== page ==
A similar situation arose in British Columbia, with an initial denial of access to information on abortion being overridden, on appeal, by the BC Information and Privacy Commissioner. The BC legislature then stepped in to exempt abortion information from disclosure, although the exemption is narrower than Ontario’s.

In 1999, a nurse from Calgary’s Foothills General Hospital leaked confidential documents on terminations of pregnancy on genetic grounds to the Alberta Report. The Calgary Regional Health Authority won an injunction preventing the Report from using the information.

The Court of Queen’s Bench ruled that the patients’ and doctors’ rights to privacy outweighed the public’s right to know what goes on in a hospital, which is correct with respect to personal, nominal information.

Apart from the fear politicians have that whatever they say regarding abortion will lose them votes, the Ontario MLAs might also be trying to pre-empt a pro-life argument that has become increasingly prevalent — that we shouldn’t use public health-care funds for abortion. That argument would be much less compelling if it can’t be shown that multimillions of taxpayer funding are being spent on it.

The government might also want to avoid de-funding abortion, because of the highly vocal outrage that would generate in the pro-choice lobby. Or perhaps, politically, they just want the issue of abortion to go away and hope that secrecy of information will help to achieve that outcome. But that’s not how democracy is supposed to work.

Margaret Somerville is Samuel Gale Professor of Law and Director of the McGill Centre for Medicine, Ethics & Law and is an international leader in the discussion of complex ethical questions in medicine. This article reprinted with permission from mercatornet.com.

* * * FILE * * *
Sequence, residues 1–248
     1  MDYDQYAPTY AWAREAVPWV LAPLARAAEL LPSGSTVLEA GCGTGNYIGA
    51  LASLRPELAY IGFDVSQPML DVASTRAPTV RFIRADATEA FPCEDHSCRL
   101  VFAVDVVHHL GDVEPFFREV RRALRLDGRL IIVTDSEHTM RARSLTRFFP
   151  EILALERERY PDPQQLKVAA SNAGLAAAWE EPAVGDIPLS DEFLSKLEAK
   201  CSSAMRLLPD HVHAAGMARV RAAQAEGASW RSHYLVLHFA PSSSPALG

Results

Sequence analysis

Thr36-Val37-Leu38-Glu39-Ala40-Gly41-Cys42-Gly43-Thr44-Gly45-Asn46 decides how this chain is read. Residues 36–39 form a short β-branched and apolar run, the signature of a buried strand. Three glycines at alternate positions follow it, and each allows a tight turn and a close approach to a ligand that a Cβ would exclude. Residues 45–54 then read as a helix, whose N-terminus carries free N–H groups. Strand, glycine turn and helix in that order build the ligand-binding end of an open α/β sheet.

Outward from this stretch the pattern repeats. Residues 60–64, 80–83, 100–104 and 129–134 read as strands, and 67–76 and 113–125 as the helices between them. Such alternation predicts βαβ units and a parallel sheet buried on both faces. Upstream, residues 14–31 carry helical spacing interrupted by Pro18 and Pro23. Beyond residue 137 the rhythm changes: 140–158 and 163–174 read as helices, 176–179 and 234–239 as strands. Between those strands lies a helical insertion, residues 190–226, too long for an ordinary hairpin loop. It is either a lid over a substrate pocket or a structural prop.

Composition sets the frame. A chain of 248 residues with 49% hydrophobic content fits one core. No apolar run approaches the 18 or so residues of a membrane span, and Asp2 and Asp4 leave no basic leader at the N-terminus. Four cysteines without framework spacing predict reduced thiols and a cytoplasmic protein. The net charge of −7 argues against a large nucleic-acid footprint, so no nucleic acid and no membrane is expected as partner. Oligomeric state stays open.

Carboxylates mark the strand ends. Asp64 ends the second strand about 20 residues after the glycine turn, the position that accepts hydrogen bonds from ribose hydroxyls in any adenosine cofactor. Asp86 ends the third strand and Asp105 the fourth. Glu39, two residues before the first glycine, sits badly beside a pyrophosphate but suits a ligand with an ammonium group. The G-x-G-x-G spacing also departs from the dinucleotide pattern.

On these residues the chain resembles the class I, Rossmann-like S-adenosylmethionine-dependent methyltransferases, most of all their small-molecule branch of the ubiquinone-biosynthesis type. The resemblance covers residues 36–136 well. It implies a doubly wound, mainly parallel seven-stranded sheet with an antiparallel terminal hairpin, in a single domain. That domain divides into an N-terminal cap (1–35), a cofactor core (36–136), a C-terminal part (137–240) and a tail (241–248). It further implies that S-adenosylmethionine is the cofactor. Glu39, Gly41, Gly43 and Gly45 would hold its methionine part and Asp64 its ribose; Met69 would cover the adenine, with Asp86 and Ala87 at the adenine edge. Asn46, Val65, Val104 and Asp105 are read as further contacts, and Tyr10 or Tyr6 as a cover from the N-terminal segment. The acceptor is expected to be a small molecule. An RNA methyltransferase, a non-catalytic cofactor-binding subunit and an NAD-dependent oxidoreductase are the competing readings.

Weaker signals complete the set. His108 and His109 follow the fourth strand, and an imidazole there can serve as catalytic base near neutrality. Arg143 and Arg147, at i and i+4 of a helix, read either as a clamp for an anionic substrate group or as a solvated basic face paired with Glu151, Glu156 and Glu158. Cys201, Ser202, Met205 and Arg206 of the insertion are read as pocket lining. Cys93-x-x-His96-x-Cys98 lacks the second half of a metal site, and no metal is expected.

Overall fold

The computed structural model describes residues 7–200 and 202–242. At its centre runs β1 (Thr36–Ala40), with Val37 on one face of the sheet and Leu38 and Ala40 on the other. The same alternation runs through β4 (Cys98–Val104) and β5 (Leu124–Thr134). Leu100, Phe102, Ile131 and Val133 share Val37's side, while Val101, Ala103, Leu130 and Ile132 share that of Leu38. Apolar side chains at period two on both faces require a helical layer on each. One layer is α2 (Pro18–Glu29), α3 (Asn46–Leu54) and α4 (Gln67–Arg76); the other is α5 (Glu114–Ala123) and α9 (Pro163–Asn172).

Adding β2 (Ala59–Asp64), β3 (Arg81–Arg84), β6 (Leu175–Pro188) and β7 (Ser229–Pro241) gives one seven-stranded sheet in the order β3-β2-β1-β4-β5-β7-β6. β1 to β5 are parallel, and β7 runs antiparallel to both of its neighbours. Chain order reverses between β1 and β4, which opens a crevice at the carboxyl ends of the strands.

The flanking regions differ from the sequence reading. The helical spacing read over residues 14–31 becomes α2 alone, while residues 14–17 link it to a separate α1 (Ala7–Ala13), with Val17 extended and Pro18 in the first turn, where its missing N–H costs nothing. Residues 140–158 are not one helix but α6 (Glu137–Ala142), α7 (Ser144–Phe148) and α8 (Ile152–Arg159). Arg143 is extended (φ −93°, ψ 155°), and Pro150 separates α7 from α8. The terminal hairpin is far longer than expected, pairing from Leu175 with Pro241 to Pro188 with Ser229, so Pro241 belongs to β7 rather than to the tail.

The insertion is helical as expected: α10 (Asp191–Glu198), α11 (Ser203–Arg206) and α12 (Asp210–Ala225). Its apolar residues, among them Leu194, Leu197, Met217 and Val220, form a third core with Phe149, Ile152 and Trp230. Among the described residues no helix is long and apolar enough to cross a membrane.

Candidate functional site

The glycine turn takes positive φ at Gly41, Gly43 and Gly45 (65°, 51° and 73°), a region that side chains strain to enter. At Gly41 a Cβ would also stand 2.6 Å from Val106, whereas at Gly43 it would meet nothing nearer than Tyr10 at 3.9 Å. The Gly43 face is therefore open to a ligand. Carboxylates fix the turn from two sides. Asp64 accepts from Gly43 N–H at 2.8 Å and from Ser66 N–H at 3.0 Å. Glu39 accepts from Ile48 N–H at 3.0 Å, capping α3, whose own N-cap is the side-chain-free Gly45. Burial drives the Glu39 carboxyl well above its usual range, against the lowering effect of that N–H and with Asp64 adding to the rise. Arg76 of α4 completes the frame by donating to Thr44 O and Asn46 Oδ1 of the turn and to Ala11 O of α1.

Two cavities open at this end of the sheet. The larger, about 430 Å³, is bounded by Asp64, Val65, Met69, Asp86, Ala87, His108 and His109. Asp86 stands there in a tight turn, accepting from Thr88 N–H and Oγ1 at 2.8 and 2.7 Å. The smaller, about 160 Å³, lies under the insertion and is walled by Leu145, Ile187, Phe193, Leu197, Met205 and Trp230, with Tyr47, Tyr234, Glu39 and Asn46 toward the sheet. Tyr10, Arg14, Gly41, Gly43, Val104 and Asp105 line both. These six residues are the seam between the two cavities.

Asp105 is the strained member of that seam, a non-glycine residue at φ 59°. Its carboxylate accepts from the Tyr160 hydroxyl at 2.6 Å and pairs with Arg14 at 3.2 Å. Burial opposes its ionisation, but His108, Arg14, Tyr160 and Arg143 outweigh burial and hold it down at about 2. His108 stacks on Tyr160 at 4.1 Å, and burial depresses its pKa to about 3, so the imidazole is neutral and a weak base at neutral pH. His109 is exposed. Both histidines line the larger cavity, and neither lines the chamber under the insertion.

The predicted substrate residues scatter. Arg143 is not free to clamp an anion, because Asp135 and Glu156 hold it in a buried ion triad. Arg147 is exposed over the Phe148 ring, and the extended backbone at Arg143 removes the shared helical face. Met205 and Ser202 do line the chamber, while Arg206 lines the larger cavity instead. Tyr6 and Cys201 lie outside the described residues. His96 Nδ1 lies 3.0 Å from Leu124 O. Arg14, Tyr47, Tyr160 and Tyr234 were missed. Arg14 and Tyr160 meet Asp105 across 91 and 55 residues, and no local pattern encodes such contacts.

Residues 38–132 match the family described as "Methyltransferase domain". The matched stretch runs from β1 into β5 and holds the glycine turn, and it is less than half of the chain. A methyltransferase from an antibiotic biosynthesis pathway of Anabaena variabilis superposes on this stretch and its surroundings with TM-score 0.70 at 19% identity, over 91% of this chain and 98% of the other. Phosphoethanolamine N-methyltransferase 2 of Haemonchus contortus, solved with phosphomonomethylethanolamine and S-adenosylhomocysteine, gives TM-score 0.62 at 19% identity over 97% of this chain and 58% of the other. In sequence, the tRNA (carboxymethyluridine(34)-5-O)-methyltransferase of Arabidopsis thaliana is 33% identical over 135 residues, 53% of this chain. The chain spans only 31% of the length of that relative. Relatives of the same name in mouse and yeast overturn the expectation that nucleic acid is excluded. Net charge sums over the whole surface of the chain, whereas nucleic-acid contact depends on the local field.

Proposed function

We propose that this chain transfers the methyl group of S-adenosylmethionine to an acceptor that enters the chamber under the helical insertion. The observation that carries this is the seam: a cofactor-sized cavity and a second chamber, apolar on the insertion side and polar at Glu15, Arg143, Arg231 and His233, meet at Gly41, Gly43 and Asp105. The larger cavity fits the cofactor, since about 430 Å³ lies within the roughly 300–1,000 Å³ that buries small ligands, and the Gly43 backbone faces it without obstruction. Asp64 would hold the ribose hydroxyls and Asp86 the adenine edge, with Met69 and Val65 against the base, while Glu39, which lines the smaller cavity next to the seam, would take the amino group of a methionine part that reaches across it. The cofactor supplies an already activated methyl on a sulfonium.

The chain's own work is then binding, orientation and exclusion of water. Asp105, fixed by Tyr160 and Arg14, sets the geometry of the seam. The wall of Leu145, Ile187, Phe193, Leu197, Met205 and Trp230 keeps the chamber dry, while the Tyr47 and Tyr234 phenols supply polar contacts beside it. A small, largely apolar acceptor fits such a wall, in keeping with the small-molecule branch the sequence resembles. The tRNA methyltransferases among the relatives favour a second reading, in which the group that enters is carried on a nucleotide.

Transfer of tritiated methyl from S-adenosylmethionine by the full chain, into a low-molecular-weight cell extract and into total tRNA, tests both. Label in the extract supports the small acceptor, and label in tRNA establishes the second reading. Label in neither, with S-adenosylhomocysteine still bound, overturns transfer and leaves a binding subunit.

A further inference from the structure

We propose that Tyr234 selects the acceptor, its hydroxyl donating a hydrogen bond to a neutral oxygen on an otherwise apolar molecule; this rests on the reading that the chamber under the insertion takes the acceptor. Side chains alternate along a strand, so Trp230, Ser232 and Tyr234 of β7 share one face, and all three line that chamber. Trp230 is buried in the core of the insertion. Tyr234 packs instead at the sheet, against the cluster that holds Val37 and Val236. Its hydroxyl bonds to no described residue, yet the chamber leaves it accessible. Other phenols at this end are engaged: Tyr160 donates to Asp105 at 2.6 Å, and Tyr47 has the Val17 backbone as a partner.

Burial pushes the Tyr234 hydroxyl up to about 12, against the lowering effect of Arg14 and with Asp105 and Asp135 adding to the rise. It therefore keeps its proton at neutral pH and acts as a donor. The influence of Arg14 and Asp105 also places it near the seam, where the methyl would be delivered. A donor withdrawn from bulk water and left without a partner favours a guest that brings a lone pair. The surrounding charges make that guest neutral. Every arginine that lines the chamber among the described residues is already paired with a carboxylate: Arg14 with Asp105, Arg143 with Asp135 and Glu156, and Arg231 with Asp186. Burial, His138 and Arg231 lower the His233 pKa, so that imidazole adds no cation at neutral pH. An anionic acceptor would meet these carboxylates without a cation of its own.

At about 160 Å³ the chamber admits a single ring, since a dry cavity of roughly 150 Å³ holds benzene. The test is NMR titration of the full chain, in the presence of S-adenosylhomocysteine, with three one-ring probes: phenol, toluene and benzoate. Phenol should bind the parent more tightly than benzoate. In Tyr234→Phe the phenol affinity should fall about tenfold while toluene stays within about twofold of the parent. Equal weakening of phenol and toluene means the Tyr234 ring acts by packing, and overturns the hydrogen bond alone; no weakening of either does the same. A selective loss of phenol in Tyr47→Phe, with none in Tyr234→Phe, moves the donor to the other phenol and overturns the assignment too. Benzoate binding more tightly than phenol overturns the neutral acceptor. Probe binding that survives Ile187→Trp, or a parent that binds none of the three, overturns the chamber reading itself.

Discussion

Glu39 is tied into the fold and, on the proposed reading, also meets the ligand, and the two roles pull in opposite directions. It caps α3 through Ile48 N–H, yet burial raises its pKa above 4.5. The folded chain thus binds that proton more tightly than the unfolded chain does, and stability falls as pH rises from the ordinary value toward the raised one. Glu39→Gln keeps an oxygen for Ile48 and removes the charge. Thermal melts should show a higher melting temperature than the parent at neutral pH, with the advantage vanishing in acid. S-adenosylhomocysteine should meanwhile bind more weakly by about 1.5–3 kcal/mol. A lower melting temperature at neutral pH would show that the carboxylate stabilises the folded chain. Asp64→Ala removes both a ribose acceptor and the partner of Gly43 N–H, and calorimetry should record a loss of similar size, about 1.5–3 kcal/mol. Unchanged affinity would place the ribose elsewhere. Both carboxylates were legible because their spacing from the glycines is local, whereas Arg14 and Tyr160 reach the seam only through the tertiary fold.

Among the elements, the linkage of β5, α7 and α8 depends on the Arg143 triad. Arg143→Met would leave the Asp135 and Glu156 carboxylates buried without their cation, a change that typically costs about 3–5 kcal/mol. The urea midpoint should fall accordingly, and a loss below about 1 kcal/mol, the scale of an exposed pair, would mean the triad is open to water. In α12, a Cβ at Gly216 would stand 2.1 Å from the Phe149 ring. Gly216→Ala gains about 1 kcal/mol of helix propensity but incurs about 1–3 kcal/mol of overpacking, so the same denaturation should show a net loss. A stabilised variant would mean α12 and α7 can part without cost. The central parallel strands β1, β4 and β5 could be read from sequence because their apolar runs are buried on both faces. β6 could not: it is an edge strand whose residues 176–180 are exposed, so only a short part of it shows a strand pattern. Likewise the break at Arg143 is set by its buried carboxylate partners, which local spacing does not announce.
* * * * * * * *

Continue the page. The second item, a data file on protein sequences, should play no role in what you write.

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Lisa Bourne

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Pressure mounts as Catholic Relief Services fails to act on VP in gay ‘marriage’

Lisa Bourne
By Lisa Bourne
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Rick Estridge, Catholic Relief Services' Vice President of Overseas Finance, is in a same-sex "marriage," public records show. Twitter

BALTIMORE, MD, April 24, 2015 (LifeSiteNews.com) -- Nearly a week after news broke that a Catholic Relief Services vice president had contracted a homosexual “marriage” while also publicly promoting homosexuality on social media in conflict with Church teaching, the US Bishops international relief agency has taken no apparent steps to address the matter and is also not talking.

CRS Vice President of Overseas Finance Rick Estridge entered into a homosexual “marriage” in Maryland the same month in 2013 that he was promoted by CRS to vice president, public records show.

Despite repeated efforts at a response, CRS has not acknowledged LifeSiteNews’ inquiries during the week. And the agency told ChurchMilitant.com Thursday that no action had been taken beyond discussion of the situation and CRS would have no further comment.

"Nothing has changed,” CRS Senior Manager for Communications Tom said. “No further statement will be made."

LifeSiteNews first contacted CRS for a response prior to the April 20 release of the report and did not receive a reply, however Estridge’s Facebook and LinkeIn profiles were then removed just prior to the report’s release.

CRS also did not acknowledge LifeSiteNews’ follow-up inquiry later in the week.

“Having an executive who publicly celebrates a moral abomination shows the ineffectiveness of CRS' Catholic identity training,” Lepanto Institute President Michael Hichborn told LifeSiteNews. “How many others who hate Catholic moral teaching work at CRS?”

CRS did admit it was aware Estridge was in a “same-sex civil marriage” to Catholic News Agency (CNA) Monday afternoon, and confirmed he was VP of Overseas Finance and had been with CRS for 16 years.

“At this point we are in deliberations on this matter,” Price told CNA that day.

ChurchMilitant.com also reported that according to its sources, it was a well-known fact at CRS headquarters in Baltimore that Estridge was in a homosexual “marriage.”